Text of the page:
I spent the past week in Abidjan, Ivory Coast. This is the French-speaking, western part of Africa. On the flight back to New York, I sat next to a young family of four from Kuwait. They spoke little English, so I helped them fill out the Customs form for arrival at JFK.
The four of them occupied three seats, with the mother holding the smaller child in her arms. The toddler, about two years old, had her own seat. She had curly hair in pigtails and a voice as loud as an Arthur Avenue car alarm. I liked her immediately, because she reminded me of my granddaughter and had a thumb to the nose air about her. You know, in a cute way.
It was a long flight. The baby cried, the toddler pierced the cabin’s recycled air with alarms, and the mom got a toothache so bad that she needed to be seen by someone. The flight attendants found a doctor, who asked a few questions and gave her Tylenol. Lame, I thought. I wanted to suggest whiskey, my drink of choice when flying (I add ice for hydration), but decided against it. Instead, I put my headphones on, found a spot to rest my feet amid the blankets, toys, and food that had spilled onto the floor, and thought about World Airways.
It was 1983. My wife and I and our three kids were flying back East on World Airways to visit my family for Christmas. We had a three year old and one-year old twins, all girls. My wife’s mother had died that fall. Just like the family from Kuwait, we occupied three seats in the row directly behind the galley, facing a wall. Strange, but it was the wall more than anything else that made me think of that flight. I was in one seat with a twin, my wife in a second with another twin, and our toddler was by herself in the third seat. The cross-country flight lasted seven hours. I’ll repeat that: seven hours.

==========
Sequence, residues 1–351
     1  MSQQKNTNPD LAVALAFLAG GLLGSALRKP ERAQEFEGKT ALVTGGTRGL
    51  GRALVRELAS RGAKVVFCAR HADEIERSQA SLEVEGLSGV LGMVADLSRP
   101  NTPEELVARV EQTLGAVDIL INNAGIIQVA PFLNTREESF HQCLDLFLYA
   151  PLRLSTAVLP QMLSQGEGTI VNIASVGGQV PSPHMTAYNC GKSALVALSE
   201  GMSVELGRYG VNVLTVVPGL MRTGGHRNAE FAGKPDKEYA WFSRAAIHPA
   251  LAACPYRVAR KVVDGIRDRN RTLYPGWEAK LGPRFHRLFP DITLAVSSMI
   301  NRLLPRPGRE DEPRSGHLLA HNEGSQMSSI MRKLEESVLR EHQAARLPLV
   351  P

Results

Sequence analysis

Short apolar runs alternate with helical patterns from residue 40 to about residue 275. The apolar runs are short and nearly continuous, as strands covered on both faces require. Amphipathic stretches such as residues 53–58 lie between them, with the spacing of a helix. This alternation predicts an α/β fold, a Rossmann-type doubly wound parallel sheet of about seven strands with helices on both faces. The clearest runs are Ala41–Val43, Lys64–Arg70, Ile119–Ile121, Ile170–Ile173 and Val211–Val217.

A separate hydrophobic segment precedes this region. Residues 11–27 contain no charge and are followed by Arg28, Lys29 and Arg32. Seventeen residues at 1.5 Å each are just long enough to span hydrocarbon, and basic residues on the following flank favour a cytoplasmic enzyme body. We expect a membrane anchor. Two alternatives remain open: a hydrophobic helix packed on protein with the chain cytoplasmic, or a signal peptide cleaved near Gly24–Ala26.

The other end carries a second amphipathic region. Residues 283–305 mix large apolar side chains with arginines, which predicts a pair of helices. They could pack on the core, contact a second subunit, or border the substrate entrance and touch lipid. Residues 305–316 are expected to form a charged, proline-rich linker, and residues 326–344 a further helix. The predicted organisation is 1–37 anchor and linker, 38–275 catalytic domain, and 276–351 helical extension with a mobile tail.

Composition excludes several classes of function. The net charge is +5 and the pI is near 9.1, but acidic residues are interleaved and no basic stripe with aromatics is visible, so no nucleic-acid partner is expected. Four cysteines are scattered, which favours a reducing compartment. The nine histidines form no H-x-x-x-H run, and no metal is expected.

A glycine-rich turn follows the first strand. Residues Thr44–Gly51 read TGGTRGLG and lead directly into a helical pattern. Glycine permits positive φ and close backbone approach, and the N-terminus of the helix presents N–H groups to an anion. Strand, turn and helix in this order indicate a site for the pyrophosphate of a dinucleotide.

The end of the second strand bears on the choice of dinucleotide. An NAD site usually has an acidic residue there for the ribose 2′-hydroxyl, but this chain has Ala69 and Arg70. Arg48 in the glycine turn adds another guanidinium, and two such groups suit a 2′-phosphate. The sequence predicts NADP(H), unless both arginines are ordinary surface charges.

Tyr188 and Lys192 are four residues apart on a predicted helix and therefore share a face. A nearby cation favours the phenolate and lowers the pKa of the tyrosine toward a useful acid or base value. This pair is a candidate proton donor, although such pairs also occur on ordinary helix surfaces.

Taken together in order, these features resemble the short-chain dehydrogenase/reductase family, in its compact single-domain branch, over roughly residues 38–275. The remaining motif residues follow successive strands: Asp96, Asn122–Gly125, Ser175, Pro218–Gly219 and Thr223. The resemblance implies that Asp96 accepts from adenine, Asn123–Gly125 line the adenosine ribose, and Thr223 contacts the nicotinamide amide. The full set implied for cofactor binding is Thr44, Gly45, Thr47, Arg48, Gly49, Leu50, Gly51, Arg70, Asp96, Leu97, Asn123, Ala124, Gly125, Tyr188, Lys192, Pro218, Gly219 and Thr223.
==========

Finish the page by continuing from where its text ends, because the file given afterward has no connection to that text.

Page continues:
The way I have told it over the years, I wore every bit of food that was served to us that day. It’s true, because I staggered off the plane in Newark with a soaked shirt and stained pants. I don’t remember much else except that we tried to control the twins, who were as curious as little monkeys and just as loud. By then, our oldest had become resigned to being displaced by the twins and so was not much trouble except for needing a sippy cup ever now and then and hourly trips to the bathroom, which we had to do anyway to dispose of the diapers.
Here’s the thing. As tiring, uncomfortable, and nerve-wracking as our flight was, it is one of the most memorable moments of my life. I suppose what happened on the way to the airport helped. The sunroof on our Volkswagon bus flew off onto Interstate 880 while heading to the Oakland Airport. In the rain, no less. I won’t go into the particulars except to say that I know all about lift from a personal if not exactly technical perspective (if you really want the particulars, see Nine Lives).
What I remembered from that flight and what I wanted to tell the Kuwaiti father is that nothing is comparable to the feeling you get from caring and providing for children. They are dependent upon you for everything and put their lives into your hands. Making sure they are safe and loved is the greatest thing this side of death. I would do it even without recognition or thanks, which is usually how it’s done.
I believe that being responsible is the essence of fatherhood, of manhood, really. It is not without reward, since being responsible for those who are vulnerable tells me who and what I am. It gives me a place in life. I need them just as they need me.
Aquinas said that God doesn’t need us but, having willed us into existence, loves us as a father. I understand that. It is the father’s hand that reaches down and pulls us out of the pit of death. It is the Easter story.